Edge computing isn’t a new concept. Forward thinking organizations have been working for the past couple of years to define their edge strategy, realizing the competitive advantage that this can create. And over the past year these efforts have accelerated, driven not just by new technologies but by the pandemic.
The COVID-19 crisis has reverberated around the world, disrupting most, if not all, industries. Infrastructure and Operations (I&O) personnel went from managing more than 365 million desktops within offices in 2019 to supporting more than one billion workers at home. The IT landscape at the beginning of 2021 looks drastically different than that of a year ago.
But as Chris Mixter, Gartner Vice President and Advisory, pointed out at last month’s Gartner IT Infrastructure, Operations and Cloud Strategies (IOCS) conference, one of the major side effects of this disruption is that IT has been pulled out of the back office and “into the sunshine”. In other words, the crisis created an opportunity for IT to shine.
In the session, “Reinvent Your Digital Foundations to Drive the Resilient Enterprise” Mixter explained that when CEOs were asked, “What effect will this crisis have on the pace of technology transformation at your company?”, 77% replied that it would “significantly accelerate.” According to Mixter, I&O leaders are moving forward, taking advantage of the increased visibility and seizing the opportunity for infrastructure-led innovation, across areas that include platform ops, cost intelligence, and workforce transformation.
Workforce transformation aligns to the idea that the future of I&O is less about traditional items like servers and the IT Infrastructure Library (ITIL) and instead focuses on those areas that bring IT closer to the lines of business: advanced analytics, automation, cloud competency, and continuous delivery, among others. All of these areas help organizations to not only transform their entire workforces, but to do it at scale.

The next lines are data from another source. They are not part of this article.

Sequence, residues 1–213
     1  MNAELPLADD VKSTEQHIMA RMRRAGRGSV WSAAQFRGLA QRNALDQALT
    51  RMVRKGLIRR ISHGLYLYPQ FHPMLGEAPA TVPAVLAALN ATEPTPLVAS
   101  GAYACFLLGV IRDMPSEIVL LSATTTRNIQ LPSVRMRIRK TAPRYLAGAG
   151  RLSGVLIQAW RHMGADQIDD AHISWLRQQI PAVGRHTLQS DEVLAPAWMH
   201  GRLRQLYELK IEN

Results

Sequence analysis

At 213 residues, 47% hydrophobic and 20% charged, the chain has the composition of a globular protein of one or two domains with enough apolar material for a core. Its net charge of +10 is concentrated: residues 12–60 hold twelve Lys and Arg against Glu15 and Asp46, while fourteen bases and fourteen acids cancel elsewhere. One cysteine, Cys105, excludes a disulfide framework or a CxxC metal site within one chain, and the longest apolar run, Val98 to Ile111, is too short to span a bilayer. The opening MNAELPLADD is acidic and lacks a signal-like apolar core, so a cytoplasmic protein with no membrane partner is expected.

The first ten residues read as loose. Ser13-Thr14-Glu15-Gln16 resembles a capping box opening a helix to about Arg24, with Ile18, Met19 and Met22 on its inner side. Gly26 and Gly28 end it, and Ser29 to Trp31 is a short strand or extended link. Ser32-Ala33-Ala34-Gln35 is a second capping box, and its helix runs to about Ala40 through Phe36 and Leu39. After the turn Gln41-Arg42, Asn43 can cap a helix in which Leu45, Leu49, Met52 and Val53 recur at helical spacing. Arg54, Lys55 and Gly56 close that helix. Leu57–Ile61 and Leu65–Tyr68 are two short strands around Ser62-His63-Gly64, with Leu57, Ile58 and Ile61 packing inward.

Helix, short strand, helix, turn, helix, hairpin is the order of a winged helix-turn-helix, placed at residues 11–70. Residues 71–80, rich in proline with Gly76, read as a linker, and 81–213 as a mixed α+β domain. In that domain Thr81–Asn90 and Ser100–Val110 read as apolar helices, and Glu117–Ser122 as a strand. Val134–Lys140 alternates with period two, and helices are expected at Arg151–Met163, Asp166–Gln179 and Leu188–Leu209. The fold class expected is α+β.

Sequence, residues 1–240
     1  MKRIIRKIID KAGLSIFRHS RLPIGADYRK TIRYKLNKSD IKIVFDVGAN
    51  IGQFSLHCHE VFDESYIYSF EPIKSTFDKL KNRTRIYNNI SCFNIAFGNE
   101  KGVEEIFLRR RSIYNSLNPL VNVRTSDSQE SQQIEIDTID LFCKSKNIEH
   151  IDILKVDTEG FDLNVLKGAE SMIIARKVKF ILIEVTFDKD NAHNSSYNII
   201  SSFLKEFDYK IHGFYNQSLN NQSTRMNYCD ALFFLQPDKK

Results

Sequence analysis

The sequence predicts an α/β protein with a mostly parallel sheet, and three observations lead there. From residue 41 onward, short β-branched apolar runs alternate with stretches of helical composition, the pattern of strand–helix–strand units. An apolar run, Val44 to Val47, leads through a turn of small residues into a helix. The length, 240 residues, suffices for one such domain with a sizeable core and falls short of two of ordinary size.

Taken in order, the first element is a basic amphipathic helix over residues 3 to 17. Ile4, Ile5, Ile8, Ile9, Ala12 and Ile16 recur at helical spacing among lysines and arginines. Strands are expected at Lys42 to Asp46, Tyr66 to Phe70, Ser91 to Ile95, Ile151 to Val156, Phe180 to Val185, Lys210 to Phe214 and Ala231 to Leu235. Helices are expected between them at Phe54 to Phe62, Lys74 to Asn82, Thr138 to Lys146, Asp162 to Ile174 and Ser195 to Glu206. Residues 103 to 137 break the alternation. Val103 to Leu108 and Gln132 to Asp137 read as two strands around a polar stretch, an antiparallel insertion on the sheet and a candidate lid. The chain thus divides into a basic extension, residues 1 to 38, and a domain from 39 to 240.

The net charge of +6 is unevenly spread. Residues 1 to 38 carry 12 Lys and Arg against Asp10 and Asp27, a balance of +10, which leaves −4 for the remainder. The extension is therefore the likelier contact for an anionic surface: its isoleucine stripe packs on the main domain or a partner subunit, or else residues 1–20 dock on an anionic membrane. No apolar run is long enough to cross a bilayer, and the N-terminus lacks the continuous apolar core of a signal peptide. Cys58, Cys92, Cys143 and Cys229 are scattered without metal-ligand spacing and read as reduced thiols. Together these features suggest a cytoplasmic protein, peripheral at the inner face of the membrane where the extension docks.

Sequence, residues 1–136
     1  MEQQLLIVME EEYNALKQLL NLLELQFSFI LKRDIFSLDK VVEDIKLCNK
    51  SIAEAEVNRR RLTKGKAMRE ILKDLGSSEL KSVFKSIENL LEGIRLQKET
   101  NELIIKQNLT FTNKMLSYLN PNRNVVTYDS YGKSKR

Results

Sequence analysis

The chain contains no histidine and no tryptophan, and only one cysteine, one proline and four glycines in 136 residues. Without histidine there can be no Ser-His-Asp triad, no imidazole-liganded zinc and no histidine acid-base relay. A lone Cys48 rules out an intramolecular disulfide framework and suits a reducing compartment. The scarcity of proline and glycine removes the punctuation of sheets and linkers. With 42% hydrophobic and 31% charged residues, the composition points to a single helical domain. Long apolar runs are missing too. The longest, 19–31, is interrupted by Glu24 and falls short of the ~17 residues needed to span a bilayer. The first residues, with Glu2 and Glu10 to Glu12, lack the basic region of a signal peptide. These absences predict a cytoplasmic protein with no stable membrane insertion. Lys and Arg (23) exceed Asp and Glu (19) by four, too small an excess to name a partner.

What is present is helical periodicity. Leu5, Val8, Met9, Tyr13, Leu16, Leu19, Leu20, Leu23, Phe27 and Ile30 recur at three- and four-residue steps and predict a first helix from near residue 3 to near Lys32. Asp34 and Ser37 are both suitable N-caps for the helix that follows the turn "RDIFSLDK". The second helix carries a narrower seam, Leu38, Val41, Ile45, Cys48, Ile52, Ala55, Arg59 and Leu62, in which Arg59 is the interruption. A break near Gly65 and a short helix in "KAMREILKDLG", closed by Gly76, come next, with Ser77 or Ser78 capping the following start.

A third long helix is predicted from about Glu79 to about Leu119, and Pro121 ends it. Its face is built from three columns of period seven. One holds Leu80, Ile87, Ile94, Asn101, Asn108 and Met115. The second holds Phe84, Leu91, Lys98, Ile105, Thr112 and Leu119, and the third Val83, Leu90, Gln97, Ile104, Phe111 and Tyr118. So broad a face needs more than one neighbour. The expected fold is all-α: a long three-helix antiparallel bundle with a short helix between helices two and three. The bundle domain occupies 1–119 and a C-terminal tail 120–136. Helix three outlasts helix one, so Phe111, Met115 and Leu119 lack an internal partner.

And for many organizations, this is a change from within: Mixter says that since 2018, new heads of I&O are coming from functions from outside of the I&O function, and they are bringing new ideas and new requirements. One shift is a focus away from reliability-focused measurement to enablement-focused. Working and enabling are not the same thing and with a shift in focus to enablement, I&O is 7x more likely to exceed CEO expectations.
Another new area of opportunity is platform ops, which “enables software delivery teams inside and outside of IT to build and operate their own products.” According to Mixter, 41% of the non-IT workforce now customizes and develops technology for work. This isn’t shadow IT — this is condoned by the business, and it creates an opportunity for IT to partner with these business units via platform ops, providing traditional, cloud, and/or edge technologies that ensure those units have the support they need. As I&O focuses on enabling their customers, platform ops is critical and involves collaborating to enable the business unit to be agile, highly efficient, and to grow.
Infrastructure-led Innovation at the Edge
One area full of examples of infrastructure-led innovation is edge computing. According to Thomas Bittman, Gartner Vice President and Distinguished Analyst, edge computing is a fundamental part of digital transformation. In the session, “Edge Computing in Action,” Bittman outlined some of the trends driving this: